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Petr Kopecky, "Developing Party Organizations in East-Central Europe: What Type of Party is Likely to Emerge?" Party Politics , 1 (October, 1995), 515-534.

First Paragraph:
Much of the new literature on political parties and party systems in eastern Europe refers to them as being still relatively weak and suffering from 'all kinds of "infantile disorder"' (Ágh, 1993:242). Supported by the evidence of the sheer number of emerging parties and movements, their frequent dissolution and re-alignment, scholars talk about 'non-party systems' (Szklarski, 1992), while others warn us not to describe new parties 'in terms of normal Western criteria' (Misztal, 1992:173). At the same time, however, the new parties in east European countries have gradually assumed a central position among the emerging institutions. They have come to play a decisive role in the governance of these new democratic regimes in that the democratic electoral contest as well as the functioning of governments and parliaments is inconceivable without them. The constitutional choices made are unthinkable without the bargaining of political parties. And, as the opening citation demonstrates, a conception of democracy prevailing among the designers of the emerging democracies seems to be one in which political parties are the core foundation of the democratic political system.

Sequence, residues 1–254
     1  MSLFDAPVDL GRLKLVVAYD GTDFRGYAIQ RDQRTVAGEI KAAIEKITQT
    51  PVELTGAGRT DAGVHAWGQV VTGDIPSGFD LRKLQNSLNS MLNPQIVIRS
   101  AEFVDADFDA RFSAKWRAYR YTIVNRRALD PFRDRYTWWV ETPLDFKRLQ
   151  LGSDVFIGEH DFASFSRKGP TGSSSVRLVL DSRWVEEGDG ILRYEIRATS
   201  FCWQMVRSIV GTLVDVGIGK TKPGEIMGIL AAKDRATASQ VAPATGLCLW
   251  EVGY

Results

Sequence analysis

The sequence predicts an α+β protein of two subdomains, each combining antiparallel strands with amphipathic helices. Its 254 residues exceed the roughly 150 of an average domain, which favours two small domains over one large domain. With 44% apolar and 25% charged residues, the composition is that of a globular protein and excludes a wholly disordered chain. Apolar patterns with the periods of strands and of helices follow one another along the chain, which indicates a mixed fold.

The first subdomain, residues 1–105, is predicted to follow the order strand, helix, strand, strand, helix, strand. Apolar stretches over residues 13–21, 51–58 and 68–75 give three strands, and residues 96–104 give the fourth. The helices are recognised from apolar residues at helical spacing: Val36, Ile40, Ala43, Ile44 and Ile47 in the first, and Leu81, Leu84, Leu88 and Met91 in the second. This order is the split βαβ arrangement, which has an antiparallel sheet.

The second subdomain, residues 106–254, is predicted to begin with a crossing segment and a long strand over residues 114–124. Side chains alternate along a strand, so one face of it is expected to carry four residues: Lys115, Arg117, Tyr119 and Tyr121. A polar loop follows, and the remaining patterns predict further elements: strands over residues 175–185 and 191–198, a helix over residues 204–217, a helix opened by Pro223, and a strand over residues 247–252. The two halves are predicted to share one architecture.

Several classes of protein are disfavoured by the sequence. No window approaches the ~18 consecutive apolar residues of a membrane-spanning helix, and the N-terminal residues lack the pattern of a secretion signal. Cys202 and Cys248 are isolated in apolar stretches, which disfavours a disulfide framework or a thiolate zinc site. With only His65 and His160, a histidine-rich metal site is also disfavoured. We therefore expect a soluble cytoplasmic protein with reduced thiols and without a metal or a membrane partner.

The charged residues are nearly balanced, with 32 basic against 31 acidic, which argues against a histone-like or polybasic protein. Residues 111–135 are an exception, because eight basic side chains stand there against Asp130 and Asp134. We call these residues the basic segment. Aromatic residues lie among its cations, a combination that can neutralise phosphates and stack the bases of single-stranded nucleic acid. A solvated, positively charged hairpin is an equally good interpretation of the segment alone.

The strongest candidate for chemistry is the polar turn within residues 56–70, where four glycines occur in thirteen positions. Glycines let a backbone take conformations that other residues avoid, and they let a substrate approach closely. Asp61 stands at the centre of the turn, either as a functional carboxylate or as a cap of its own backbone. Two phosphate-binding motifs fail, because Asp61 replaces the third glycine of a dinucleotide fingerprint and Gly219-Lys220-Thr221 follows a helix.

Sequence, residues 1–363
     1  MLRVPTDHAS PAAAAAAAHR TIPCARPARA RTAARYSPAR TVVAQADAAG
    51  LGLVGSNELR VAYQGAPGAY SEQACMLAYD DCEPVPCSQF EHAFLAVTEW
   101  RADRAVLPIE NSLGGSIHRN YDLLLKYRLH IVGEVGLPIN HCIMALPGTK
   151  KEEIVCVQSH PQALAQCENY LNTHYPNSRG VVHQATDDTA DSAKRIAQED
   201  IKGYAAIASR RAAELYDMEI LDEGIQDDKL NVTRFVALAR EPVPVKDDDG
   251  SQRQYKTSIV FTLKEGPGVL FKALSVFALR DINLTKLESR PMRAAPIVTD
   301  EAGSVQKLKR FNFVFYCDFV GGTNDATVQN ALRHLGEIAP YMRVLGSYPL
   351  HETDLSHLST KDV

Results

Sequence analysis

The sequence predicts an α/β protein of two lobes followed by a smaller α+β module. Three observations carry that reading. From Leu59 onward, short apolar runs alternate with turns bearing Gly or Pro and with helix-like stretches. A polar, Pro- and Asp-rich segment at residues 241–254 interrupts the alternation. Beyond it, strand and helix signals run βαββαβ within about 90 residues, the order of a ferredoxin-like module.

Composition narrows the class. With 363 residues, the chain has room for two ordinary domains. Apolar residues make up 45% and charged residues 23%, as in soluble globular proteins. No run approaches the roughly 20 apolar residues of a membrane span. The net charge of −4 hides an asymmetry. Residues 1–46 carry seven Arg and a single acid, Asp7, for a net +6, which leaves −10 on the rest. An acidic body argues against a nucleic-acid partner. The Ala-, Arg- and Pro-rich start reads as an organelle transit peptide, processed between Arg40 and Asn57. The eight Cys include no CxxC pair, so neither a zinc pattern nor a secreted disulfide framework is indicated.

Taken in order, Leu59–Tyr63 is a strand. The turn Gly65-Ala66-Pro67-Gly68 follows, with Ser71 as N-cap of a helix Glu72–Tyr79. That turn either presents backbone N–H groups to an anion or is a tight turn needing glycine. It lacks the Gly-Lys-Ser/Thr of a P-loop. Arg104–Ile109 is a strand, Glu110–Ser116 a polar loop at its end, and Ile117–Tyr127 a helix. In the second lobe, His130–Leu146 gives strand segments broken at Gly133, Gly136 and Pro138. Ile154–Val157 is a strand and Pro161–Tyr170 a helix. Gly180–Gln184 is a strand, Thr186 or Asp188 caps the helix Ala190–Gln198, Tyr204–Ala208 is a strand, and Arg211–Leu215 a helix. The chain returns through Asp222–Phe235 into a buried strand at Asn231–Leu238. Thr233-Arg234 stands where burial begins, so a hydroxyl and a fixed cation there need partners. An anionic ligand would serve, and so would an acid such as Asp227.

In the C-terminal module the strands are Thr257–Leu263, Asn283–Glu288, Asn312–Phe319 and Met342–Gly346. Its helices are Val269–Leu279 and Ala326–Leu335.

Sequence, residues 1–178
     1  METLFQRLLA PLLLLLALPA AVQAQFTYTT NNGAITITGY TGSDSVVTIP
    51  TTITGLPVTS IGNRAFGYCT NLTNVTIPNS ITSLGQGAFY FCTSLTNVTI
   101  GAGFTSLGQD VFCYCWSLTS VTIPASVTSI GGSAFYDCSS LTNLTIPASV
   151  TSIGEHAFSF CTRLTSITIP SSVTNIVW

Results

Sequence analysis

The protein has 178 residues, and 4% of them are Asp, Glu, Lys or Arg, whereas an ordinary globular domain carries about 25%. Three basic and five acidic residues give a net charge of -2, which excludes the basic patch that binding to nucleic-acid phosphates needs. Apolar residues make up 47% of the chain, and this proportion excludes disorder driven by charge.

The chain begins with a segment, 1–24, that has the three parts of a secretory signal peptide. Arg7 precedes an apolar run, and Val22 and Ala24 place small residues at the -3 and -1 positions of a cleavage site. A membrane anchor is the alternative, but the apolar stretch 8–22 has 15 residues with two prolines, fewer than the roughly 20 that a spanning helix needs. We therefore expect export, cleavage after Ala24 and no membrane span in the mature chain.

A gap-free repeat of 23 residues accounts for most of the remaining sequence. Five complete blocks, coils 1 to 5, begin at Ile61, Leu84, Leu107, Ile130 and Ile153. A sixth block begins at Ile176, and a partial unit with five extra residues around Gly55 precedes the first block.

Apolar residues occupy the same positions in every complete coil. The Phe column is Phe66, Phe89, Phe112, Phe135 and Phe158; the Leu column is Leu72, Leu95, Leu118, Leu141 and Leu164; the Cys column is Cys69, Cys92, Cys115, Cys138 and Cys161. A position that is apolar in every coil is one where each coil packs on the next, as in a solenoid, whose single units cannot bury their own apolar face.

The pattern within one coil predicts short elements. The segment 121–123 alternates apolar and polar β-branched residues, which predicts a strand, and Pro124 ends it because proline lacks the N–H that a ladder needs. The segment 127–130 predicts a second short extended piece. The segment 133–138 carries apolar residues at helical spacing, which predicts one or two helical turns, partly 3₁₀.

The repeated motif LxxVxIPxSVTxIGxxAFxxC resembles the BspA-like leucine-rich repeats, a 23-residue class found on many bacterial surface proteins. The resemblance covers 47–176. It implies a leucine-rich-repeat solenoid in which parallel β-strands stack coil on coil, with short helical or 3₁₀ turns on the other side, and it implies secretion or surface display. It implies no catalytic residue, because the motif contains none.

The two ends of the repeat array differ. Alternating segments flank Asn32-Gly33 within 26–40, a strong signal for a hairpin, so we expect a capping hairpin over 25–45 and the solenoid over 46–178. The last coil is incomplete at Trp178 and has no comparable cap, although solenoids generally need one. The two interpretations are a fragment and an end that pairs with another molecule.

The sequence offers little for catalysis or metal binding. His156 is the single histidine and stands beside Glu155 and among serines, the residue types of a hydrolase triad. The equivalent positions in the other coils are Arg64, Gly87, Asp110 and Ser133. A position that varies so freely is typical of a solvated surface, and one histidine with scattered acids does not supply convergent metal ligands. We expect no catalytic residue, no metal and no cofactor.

Figures and Tables:
Figure 1: Development of voter preferences, December 1992-December 1994 (giving percentage of all respondents who stated that they were certain or likely to vote).
Table 1: Party membership in the Czech Republic.
Table 2: Party membership (% of electorate).
Table 3: Summary table of party characteristics.

Last Paragraph:
Although the short time perspective as well as the limited scope of empirical material presented here do not permit far-reaching conclusions, this article ends with a general postulate. The brief history of east-central Europe's post-communist development has made clear that these new democracies,similarly to established Western democracies, are most of all party democracies. Despite continuing fragmentation, which is to a varying extent common to all party systems in the region and is likely to persist for some time to come, party politics have become a vital aspect of the interactions within the new political class as well as between the elite and citizens. If that is the case, the type of party existing in the emerging democracies will also be decisive for any judgement on the systems' quality and performance.